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SL can’t sit on the sidelines; we must join the race for trade and jobs


Comments / {{hitsCtrl.values.hits}} Views / Friday, 29 July 2016 00:00


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Prime Minister Ranil Wickremesinghe speaking recently in Singapore

 

 

The Prime Minister’s move to fast-track the FTAs with Singapore and China and a revised ETCA is a good move. He knows we cannot protect our economy by stagnating behind tariff walls. The best protection possible is a mutual lowering of tariff barriers among friendly nations so that all may benefit from the free flow of goods. Untitled-1

Increased economic activity resulting from increased trade will provide more job opportunities for our young workers. Our industry, our agriculture, our services will benefit from increased export opportunities as other nations agree to lower their tariffs. Increased exports and imports will benefit our ports, steamship lines and airlines as they handle an increased amount of trade. 

Lowering our tariffs will provide an increased flow of goods for our consumers. Our industries will be stimulated by increased export opportunities and by freer competition with the industries of other nations for an even greater effort to develop an efficient, economic and productive system. 

The results can bring a dynamic new era of growth. But the challenge, as JVP Leader Anura Kumara Dissanayake pointed out, is to put the right people to negotiate these agreements. Not half-baked politicians and bureaucrats. The future of our country is in those agreements, he said. Given those sentiments, there are three important areas for those promoting free trade to be mindful of.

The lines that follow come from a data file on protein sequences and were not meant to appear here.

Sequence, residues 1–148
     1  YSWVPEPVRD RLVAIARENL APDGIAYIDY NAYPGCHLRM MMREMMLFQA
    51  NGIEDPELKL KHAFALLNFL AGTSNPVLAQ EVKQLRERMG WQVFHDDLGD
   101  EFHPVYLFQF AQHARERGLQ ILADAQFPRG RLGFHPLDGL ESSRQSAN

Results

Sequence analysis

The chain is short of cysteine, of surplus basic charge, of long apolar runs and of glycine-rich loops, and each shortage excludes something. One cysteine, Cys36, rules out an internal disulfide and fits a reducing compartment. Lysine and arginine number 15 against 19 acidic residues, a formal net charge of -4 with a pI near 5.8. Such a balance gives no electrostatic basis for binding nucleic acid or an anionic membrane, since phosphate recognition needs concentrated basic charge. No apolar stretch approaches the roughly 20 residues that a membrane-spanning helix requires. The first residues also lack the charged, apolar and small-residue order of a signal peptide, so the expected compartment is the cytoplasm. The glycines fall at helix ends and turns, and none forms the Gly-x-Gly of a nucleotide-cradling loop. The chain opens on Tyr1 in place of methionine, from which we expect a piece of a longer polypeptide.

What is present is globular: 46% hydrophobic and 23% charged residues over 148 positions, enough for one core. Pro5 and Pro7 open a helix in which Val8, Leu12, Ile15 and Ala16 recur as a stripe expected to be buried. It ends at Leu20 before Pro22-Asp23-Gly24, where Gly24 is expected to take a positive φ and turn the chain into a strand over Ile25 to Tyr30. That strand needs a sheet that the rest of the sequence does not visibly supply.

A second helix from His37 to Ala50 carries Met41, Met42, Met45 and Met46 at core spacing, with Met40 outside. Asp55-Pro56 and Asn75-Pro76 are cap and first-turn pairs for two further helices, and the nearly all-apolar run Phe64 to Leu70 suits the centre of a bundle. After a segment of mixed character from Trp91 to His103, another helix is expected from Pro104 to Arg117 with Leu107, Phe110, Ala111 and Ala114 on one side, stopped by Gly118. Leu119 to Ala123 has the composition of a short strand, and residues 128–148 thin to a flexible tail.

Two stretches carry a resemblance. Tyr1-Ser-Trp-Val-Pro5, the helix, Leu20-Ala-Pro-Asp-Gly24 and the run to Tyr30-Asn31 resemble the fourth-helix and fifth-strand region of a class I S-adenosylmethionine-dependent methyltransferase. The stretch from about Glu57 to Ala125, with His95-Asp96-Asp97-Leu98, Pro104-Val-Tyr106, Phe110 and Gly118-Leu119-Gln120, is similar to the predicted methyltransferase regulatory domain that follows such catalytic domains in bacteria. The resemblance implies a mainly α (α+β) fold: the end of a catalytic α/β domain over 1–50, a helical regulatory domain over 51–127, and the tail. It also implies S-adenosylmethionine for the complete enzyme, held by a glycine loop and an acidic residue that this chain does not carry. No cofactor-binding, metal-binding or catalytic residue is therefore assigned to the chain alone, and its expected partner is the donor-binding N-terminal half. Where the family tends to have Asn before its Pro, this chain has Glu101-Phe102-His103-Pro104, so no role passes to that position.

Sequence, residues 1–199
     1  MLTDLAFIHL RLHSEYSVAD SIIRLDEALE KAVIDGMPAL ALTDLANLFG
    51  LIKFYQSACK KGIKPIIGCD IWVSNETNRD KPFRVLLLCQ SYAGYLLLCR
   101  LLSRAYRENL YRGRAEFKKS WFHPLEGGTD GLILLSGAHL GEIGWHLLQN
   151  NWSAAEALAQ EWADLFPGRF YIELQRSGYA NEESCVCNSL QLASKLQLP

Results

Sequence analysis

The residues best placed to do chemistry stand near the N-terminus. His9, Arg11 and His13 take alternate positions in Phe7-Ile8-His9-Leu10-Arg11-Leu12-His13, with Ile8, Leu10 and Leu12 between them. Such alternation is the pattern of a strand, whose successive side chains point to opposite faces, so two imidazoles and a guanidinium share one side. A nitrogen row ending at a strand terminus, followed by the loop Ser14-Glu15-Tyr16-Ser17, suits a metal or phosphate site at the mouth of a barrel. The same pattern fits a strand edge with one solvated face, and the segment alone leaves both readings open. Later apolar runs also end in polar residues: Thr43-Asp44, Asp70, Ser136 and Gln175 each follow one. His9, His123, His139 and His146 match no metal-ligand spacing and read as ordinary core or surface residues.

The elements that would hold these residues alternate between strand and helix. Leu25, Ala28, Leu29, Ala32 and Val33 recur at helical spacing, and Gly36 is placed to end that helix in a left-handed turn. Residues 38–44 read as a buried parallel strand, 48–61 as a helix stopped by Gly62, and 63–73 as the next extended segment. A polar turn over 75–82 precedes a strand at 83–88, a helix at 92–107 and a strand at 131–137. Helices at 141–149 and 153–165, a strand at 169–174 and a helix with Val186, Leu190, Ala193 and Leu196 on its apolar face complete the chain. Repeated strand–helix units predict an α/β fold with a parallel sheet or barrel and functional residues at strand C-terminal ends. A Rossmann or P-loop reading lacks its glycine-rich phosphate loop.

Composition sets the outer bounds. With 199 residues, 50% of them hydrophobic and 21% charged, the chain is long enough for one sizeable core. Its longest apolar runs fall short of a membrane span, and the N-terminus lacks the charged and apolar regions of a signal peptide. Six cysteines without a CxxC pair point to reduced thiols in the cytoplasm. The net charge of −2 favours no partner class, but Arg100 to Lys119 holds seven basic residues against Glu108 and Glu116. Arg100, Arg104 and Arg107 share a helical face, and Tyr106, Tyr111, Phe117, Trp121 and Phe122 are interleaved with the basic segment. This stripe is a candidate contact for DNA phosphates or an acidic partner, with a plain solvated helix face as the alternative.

First is the need for strengthening of mutual surveillance across the region. 

Second, countries in the region should share a common view of the future direction of the regional economy and develop concrete policy responses based on their future direction. 

Third, participate in global efforts to stabilise the international financial system and effective and adequately financed export promotion programs.

 



Growth in exports

Export growth leads to jobs growth. So at a time when jobs are in short supply, building exports is an imperative. But this isn’t just about where jobs are today; this is where jobs for our young Sri Lankans will be tomorrow. They need to be future ready. 

Today the world’s powerful customers and fastest growing markets are beyond our borders. So if we want to find new growth streams, if we want to find new markets and new opportunity, we’ve got to compete for those new customers—because other nations are competing for those customers day and night. 

Often changes in international markets can have a direct, positive or negative, impact on a country. Such an impact may be a result of exogenous shocks (climate change), large market failures (e.g. financial crisis, high volatility in world prices), international agreements (e.g. multilateral or regional trade agreements), unilateral policies of large economies (e.g. agricultural domestic support or biofuel mandates).